The Science of PR

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On June 30, 2016

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Let’s face it, most of us in the PR industry probably never took home a science quiz our parents wanted to hang with pride on the fridge, or received a math exam back without red pen scribbled all over it. There’s a reason I opted for two math classes and a foreign language course over those three-hour-long labs in college. While every PR pro loves a good brainstorm session or pitching angle, incorporating science, measurement and data to inform and evaluate campaigns is now equally important.

My colleague and I recently attended PRSA’s Boston Chapter PRXNE16 event at UMass Boston and came away with some fascinating insights into the world of public relations. Our field is changing faster than Kim Kardashian and Kris Humphries’ marriage.

Two key trends struck us both, including:

  1. PR is getting harder

For every one journalist, there are four PR professionals. Does that ratio scare you? It should. That means that with every pitch you make, there are at least four other PR pros targeting that same journalist with their own pitch. If it feels like your job is getting harder, you’re right. During the opening keynote, we learned how newspapers are not only declining, but our clients’ audiences are simply overwhelmed with information, making the chances of anyone reading our secured byline slimmer than ever. Social media can help, but it’s just another channel to add to the information congestion.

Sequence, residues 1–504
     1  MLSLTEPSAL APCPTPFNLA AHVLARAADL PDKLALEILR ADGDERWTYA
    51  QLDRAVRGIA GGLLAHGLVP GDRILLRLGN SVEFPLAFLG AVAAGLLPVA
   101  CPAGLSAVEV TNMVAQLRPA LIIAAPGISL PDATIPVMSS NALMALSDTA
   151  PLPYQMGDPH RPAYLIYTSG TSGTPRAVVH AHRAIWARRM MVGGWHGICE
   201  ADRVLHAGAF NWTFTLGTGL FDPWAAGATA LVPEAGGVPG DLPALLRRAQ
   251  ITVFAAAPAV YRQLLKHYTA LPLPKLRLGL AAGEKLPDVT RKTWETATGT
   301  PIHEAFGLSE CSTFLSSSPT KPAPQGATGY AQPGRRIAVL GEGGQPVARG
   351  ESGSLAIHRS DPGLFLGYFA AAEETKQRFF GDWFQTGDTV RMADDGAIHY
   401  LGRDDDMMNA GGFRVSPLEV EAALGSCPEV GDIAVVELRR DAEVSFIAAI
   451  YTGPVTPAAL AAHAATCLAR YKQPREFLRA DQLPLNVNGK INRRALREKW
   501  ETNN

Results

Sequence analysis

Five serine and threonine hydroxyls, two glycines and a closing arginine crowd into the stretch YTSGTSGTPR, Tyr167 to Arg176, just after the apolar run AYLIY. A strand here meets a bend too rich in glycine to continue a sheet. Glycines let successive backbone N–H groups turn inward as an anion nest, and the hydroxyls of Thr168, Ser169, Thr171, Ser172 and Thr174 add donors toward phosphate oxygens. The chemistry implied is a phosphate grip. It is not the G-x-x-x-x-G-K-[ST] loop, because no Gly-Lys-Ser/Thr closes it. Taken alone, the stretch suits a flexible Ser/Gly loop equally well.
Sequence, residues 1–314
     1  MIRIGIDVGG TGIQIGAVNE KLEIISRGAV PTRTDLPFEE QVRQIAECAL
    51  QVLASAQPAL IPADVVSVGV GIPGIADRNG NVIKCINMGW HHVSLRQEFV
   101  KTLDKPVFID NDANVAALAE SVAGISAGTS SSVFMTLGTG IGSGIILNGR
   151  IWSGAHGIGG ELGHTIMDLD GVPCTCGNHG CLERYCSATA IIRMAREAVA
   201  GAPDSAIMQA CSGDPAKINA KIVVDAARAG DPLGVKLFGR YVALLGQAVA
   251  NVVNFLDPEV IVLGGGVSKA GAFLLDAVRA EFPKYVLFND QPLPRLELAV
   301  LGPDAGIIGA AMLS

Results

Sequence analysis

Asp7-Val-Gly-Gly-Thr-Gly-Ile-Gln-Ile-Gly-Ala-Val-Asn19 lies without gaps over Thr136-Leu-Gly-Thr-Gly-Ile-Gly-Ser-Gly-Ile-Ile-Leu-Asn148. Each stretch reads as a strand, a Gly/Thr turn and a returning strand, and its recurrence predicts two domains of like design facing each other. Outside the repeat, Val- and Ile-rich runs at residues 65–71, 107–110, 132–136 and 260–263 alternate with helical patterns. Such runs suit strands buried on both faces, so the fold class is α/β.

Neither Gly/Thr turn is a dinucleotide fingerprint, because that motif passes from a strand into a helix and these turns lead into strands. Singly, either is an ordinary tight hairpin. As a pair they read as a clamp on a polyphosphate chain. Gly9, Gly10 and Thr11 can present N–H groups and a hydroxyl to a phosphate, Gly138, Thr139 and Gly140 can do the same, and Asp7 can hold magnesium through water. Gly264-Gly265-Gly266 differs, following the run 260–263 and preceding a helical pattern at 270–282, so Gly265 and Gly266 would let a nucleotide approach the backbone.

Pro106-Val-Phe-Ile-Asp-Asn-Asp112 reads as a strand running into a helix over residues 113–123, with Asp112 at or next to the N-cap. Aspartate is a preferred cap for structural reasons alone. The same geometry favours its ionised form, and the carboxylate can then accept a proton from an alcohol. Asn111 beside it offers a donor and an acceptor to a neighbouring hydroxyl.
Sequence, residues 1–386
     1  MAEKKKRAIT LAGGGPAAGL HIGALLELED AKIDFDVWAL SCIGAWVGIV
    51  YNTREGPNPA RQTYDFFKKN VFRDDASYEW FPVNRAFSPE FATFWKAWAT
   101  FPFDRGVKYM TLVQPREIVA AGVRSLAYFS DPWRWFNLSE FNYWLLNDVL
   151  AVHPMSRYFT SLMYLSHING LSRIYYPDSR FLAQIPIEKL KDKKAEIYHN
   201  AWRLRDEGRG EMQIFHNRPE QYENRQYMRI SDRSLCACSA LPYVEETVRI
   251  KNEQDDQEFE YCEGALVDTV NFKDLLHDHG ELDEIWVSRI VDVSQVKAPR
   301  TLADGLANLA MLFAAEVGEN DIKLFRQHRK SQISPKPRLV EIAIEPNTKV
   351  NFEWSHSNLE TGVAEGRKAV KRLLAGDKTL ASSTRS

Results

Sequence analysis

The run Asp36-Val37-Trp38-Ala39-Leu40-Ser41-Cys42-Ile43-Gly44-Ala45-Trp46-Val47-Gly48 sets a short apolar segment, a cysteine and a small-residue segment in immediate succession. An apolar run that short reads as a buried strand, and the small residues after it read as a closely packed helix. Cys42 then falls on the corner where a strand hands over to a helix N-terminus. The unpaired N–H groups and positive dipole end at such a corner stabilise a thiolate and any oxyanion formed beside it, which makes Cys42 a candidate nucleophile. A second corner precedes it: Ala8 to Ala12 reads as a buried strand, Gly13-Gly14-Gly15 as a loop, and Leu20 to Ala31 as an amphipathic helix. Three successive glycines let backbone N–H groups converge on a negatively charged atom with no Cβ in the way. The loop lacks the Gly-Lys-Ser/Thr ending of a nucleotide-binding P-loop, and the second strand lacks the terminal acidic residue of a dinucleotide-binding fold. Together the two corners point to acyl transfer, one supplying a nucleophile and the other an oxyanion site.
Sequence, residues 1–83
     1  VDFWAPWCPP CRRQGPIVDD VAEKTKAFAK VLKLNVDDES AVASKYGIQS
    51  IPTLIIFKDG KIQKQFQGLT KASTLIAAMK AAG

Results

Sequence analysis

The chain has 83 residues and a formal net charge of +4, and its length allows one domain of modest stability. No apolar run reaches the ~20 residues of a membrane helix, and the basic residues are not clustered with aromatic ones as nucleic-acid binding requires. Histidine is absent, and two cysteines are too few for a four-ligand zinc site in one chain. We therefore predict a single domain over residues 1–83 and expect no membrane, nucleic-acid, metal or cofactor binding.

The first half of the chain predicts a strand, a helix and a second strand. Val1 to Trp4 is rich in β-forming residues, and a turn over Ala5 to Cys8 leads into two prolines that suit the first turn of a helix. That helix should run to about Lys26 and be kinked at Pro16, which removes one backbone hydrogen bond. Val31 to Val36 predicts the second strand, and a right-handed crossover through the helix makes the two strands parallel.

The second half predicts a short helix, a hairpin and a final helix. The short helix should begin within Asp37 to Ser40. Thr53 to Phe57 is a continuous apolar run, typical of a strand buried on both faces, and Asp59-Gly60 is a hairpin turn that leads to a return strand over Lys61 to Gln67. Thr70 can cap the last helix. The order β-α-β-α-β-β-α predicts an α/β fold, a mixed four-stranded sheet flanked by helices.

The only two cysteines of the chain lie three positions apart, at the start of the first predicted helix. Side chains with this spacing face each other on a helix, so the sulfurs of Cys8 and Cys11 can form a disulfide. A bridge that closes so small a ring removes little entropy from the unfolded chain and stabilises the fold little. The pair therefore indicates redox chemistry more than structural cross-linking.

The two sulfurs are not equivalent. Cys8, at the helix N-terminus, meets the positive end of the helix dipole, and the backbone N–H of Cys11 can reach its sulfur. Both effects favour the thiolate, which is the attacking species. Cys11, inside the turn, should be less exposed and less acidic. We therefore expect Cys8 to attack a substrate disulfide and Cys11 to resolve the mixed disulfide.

We need to be smarter with how we approach the media, and shouldn’t only rely on standard, outdated forms of communication. There are plenty of tools available for PR pros to get ahead of the curve and help drive actual results and SEO to piggyback our storytelling efforts.

  1. Data-driven results are everything

Have you ever had someone tell you there’s no way to measure PR? Well, they obviously didn’t attend PRXNE, or have had their head under a rock. This doesn’t mean PR pros should turn to social media for useful, measureable results; the most important thing is agreeing to measurable goals with the client up front. That should dictate everything else.

During the ‘what every PR pro should know about SEO’ session, we dispelled a common myth: social media doesn’t directly impact SEO. When PR pros try to use social alone to measure results, it won’t satisfy clients’ needs.

Platforms such as Google Analytics, providing real data linking to SEO, can help. Using backlinks to your client’s website also help. Quality content, put in the right places, is key.

Leading with data, proving results, and thinking creatively have become the standard to which PR professionals are now held by clients. Agencies struggling to meet this standard need to either get out or shape up – in the same way Kim re-evaluated and married Kanye West (although arguably he is worse than Kris, but that is neither here nor there). Maintaining a good relationship might work well initially, but it will only get you so far. Results are the key.

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